- Contact you unexpectedly — One of the easiest ways to spot a scammer is if they contact you first. If you receive any message, phone call, or email from someone you don’t know, verify they are who they say by contacting their agency or business directly.
- Ask for sensitive information — Scammers will pretend to be from your bank and ask for your PIN or online passwords to “secure” your account. But legitimate financial institutions will never do this.
- Overpay for goods or services — A common aspect of online shopping scams is if someone offers more than you’re asking for a product. In these cases, they’ll send a fake PayPal receipt and ask for you to wire back the overpayment along with their product.
- Overpromise on what they can deliver — Scammers use our desire to find a good deal against us. If something or someone seems “too good to be true”, there’s a good chance they’re trying to scam you.
- Try to be personal but something is off — Online scammers will pretend to be a friend or family member to quickly gain your trust. But they aren’t. Don’t trust a message just because it comes from an account you recognize.
- Force you to use unusual payment options — Most online payment options protect against scammers. If someone pushes you to pay them through an untraceable or non-reversible option, it could be a scam. This includes wire transfers, gift cards, and cryptocurrency.
These are the most common characteristics of online scammers. But not every scam is the same. Here’s how to identify a fake online dating scam, phishing message, and online seller (or buyer).
How To Identify a Fake Online Dating Account (Catfishing)
- Their account is a “perfect match” — Be wary of people with magazine-quality photos or who look like supermodels. Catfishers will use attractive photos to try and snare you in their scam.
- They don’t have an online footprint — If you Google their name and don’t find much, you could be dealing with a scammer.
- Their social media accounts look suspicious — Sometimes a romance scammer will create fake social media accounts to get you to believe their dating profile is real. Look for anything that feels off, such as a low friend count, no recent posts, or only the same photos as on the dating site. The average Facebook user has 338 friends.
- They come on strong and tell you they love you — Dating scammers will try to quickly get you emotionally invested. If they tell you they love you within a week or two and try to get you to message them off the platform, it could be a scam.
- They won’t go on video chat with you — A fake online dating account will only message you. If you make plans to video chat, they’ll always have an excuse to fall back on (i.e., they can’t make it or their webcam is broken).
- They live far away and are unable to visit — Scammers will often tell you they are in the military or working with an international organization. But not being able to meet in person is a huge warning sign. This is especially true if you can’t see them on a video call either.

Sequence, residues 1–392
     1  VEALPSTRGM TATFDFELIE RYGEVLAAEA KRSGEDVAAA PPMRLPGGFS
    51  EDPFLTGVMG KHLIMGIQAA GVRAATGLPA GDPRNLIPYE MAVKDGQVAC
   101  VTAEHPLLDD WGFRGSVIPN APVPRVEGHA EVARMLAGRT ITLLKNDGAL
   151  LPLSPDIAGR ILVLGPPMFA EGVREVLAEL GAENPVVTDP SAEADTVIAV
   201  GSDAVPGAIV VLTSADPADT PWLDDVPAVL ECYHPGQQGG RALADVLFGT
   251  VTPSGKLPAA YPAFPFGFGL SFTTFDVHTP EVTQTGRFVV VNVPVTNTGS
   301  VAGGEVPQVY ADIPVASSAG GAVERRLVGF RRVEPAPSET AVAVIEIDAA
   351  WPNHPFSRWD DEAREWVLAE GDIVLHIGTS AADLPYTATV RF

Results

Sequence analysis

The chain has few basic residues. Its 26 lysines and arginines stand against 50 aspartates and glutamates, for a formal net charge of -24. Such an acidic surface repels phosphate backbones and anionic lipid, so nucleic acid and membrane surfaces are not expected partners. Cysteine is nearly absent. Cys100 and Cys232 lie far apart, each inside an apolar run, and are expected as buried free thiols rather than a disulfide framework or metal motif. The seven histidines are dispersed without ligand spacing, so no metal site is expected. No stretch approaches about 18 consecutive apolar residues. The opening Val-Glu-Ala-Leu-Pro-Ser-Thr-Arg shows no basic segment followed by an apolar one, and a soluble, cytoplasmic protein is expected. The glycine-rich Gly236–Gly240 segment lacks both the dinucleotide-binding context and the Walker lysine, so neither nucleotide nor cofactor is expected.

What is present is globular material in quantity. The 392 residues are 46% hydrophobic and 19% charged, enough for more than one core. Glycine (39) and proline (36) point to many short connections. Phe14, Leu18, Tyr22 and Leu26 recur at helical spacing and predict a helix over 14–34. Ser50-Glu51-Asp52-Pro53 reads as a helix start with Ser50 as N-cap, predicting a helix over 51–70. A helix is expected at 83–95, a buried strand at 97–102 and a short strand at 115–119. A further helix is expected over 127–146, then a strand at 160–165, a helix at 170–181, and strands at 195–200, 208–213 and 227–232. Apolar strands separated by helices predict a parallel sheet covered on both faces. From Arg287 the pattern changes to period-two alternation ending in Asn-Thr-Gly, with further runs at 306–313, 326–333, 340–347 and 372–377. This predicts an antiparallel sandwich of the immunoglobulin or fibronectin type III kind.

- They ask for money or help with family problems — Catfishing often evolves to financial fraud. If someone starts asking for expensive gifts or cash to help with unexpected expenses, they’re probably trying to scam you.
What to do if you think you’re being scammed on a dating site
The easiest way to avoid being scammed with a fake online date is to never send money, gifts, or sensitive information until you meet in person.
If you think you’re dealing with a scammer, stop communicating with them immediately. Go to Google and do a reverse image search of their profile picture. If it’s associated with other names or comes up on a stock image site, it’s a scam.
Once you know they’re fake, report their account to the dating site or app you’re using. If you sent them money or gave them access to your accounts, contact your bank immediately and talk to their fraud department. You might also want to sign up for identity theft and credit monitoring to alert you of any potential fraud.
You can also report the scam to the FTC at ReportFraud.ftc.gov.
How To Identify a Phishing Scam
- Incorrect spelling or grammar mistakes — Look for strange phrases or misspelled words in emails, texts, and on websites. Scammers often make basic mistakes that an official organization wouldn’t.
- Sent from an unofficial email account (like Gmail) — The IRS and other organizations have official email addresses. If the “From” email address is from Gmail, Outlook, or others, it’s a scam.
- The “From” name and email address don’t match up — Hover over or click on the “From” name to see their email address. Scammers will often try to mask who they are by using an official name. But they can’t fake their email address or phone number as easily.
- They ask for sensitive information over email or text — An official business or organization will never ask for PINs or Passwords over email, text, or on the phone.
- Threatens legal action if you don’t comply — Again, legitimate companies won’t threaten you. If legal action is going to happen, they’ll contact you in an official manner (like through the mail).
- Contact you out of the blue — Unsolicited messages and calls have a good chance of being a scam. If you’re unsure, ask for a reference and then respond through the company’s official channels to make sure they’re legit.
- Asks you to click a link or download an attachment — Beware of any link, file, or QR code in an email or text. Scammers will often disguise malware as fake invoices or other documents. Don’t click on them. Instead, ask for where you can find the required documents on their website.